She said, It hath reached me, O auspicious King, that the grandmother of Badi'a al-Jamal said to Shahyal, "Fare thee to the Blue King and look after Sayf al-Muluk: if he be still in life come with him hither; but an he have slain him take that King and all his children and Harim and the whole of his dependents an protégés and bring them here alive that I may cut their throats with my own hand and ruin his realm. Except thou go to him and do my bidding, I will not acquit thee of my milk and my rearing of thee shall be accounted unlawful." Thereupon Shahyal rose and assembling his troops, set out, in deference to his mother, desiring to content her and her friends, and in accordance with whatso had been fore-ordained from eternity without beginning; nor did they leave journeying till they came to the land of the Blue King, who met them with his army and gave them battle. The Blue King's host was put to the rout and the conquerors having taken him and all his sons, great and small, and Grandees and officers bound and brought them before King Shahyal, who said to the captive, "O Azrak,[FN#2] where is the mortal Sayf al-Muluk who whilome was my guest?" Answered the Blue King, "O Shahyal, thou art a Jinni and I am a Jinni and is't on account of a mortal who slew my son that thou hast done this deed; yea, the murtherer of my son, the core of my liver and solace of my soul. How couldest thou work such work and spill the blood of so many thousand Jinn?" He replied, "Leave this talk! Knowest thou not that a single mortal is better, in Allah's sight, than a thousand Jinn?[FN#3] If he be alive, bring him to me, and I will set thee free and all whom I have taken of thy sons and people; but an thou have slain him, I will slaughter thee and thy sons." Quoth the Malik al-Azrak, "O King, is this man of more account with thee than my son?"; and quoth Shahyal, "Verily, thy son was an evildoer who kidnapped Kings' daughters and shut them up in the Ruined Well and the High-builded Castle of Japhet son of Noah and entreated them lewdly." Then said the Blue King, "He is with me; but make thy peace between us." So he delivered the Prince to Shahyal, who made peace between him and the Blue King, and Al-Azrak gave him a bond of absolution for the death of his son. Then Shahyal conferred robes of honour on them and entertained the Blue King and his troops hospitably for three days, after which he took Sayf al-Muluk and carried him back to the old Queen, his own mother, who rejoiced in him with an exceeding joy, and Shahyal marvelled at the beauty of the Prince and his loveliness and his perfection. Then the Prince related to him his story from beginning to end, especially what did befal him with Badi'a al-Jamal and Shahyal said, "O my mother, since 'tis thy pleasure that this should be, I hear and I obey all that to command it pleaseth thee; wherefore do thou take him and bear him to Sarandib and there celebrate his wedding and marry him to her in all state, for he is a goodly youth and hath endured horrors for her sake." So she and her maidens set out with Sayf al-Muluk for Sarandib and, entering the Garden belonging to the Queen of Hind, foregathered with Daulat Khatun and Badi'a al-Jamal. Then the lovers met, and the old Queen acquainted the two Princesses with all that had passed between Sayf al-Muluk and the Blue King and how the Prince had been nearhand to a captive's death; but in repetition is no fruition. Then King Taj al-Muluk father of Daulat Khatun assembled the lords of his land and drew up the contract of marriage between Sayf al-Muluk and Badi'a al-Jamal; and he conferred costly robes of honour and gave banquets to the lieges. Then Sayf al-Muluk rose and, kissing ground before the King, said to him, "O King, pardon! I would fain ask of thee somewhat but I fear lest thou refuse it to my disappointment." Taj al-Muluk replied, "By Allah, though thou soughtest my soul of me, I would not refuse it to thee, after all the kindness thou hast done me!" Quoth Sayf al-Muluk, "I wish thee to marry the Princess Daulat Khatun to my brother Sa'id, and we will both be thy pages." "I hear and obey," answered Taj al-Muluk, and assembling his Grandees a second time, let draw up the contract of marriage between his daughter and Sa'id; after which they scattered gold and silver and the King bade decorate the city. So they held high festival and Sayf al-Muluk went in unto Badi'a al-Jamal and Sa'id went in unto Daulat Khatun on the same night. Moreover Sayf al-Muluk abode forty days with Badi'a al-Jamal, at the end of which she said to him, "O King's son, say me, is there left in thy heart any regret for aught?" And he replied, "Allah forfend! I have accomplished my quest and there abideth no regret in my heart at all: but I would fain meet my father and my mother in the land of Egypt and see if they continue in welfare or not." So she commanded a company of her slaves to convey them to Egypt, and they carried them to Cairo, where Sayf al-Muluk and Sa'id foregathered with their parents and abode with them a week; after which they took leave of them and returned to Sarandib-city; and from this time forwards, whenever they longed for their folk, they used to go to them and return. Then Sayf al-Muluk and Badi'a al-Jamal abode in all solace of life and its joyance as did Sa'id and Daulat Khatun, till there came to them the Destroyer of delights and Severer of societies; and they all died good Moslems. So glory be to the Living One who dieth not, who createth all creatures and decreeth to them death and who is the First, without beginning, and the Last, without end! This is all that hath come down to us of the story of Sayf al-Muluk and Badi'a al-Jamal. And Allah alone wotteth the truth.[FN#4] But not less excellent than this tale is the History of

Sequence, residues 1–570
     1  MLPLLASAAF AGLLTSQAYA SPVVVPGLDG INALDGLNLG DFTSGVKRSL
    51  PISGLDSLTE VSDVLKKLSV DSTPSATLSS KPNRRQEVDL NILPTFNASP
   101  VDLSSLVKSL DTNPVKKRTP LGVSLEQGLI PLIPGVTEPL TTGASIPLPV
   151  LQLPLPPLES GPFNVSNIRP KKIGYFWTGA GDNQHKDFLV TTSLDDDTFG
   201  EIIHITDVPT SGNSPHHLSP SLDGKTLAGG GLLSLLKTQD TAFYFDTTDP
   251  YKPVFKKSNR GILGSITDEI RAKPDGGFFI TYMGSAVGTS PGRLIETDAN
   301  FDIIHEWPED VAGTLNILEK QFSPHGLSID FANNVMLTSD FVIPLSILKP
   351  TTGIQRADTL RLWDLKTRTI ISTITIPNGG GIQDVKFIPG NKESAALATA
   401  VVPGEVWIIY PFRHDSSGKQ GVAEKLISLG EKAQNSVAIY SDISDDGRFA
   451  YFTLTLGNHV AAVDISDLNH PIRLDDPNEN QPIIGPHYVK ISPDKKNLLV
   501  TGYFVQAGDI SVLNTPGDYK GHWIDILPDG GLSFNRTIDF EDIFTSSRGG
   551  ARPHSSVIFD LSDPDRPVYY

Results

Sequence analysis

There was once of days of yore and in ages and times long gone before, a merchant, who dwelt in the land of Bassorah and who owned two sons and wealth galore. But in due time Allah, the All-hearing the All-knowing, decreed that he should be admitted to the mercy of the Most High; so he died, and his two sons laid him out and buried him, after which they divided his gardens and estates equally between them and of his portion each one opened a shop.[FN#6] Presently the elder son, Hasan hight, a youth of passing beauty and loveliness, symmetry and perfect grace, betook himself to the company of lewd folk, women and low boys, frolicking with them in gardens and feasting them with meat and wine for months together and occupying himself not with his business like as his father had done, for that he exulted in the abundance of his good. After some time he had wasted all his ready money, so he sold all his father's lands and houses and played the wastrel until there remained in his hand nothing, neither little nor muchel, nor was one of his comrades left who knew him. He abode thus anhungred, he and his widowed mother, three days, and on the fourth day, as he walked along, unknowing whither to wend, there met him a man of his father's friends, who questioned him of his case. He told him what had befallen him and the other said, "O my son, I have a brother who is a goldsmith; an thou wilt, thou shalt be with him and learn his craft and become skilled therein." Hasan consented and accompanied him to his brother, to whom he commended him, saying, "In very sooth this is my son; do thou teach him for my sake." So Hasan abode with the goldsmith and busied himself with the craft; and Allah opened to him the door of gain and in due course he set up shop for himself. One day, as he sat in his booth in the bazar, there came up to him an Ajamí, a foreigner, a Persian, with a great white beard and a white turband[FN#7] on his head, having the semblance of a merchant who, after saluting him, looked at his handiwork and examined it knowingly. It pleased him and he shook his head, saying, "By Allah, thou art a cunning goldsmith! What may be thy name?" "Hasan," replied the other, shortly.[FN#8] The Persian continued to look at his wares, whilst Hasan read in an old book[FN#9] he hent in hand and the folk were taken up with his beauty and loveliness and symmetry and perfect grace, till the hour of midafternoon prayer, when the shop became clear of people and the Persian accosted the young man, saying, "O my son, thou art a comely youth! What book is that? Thou hast no sire and I have no son, and I know an art, than which there is no goodlier in the world."—And Shahrazad perceived the dawn of day and ceased saying her permitted say.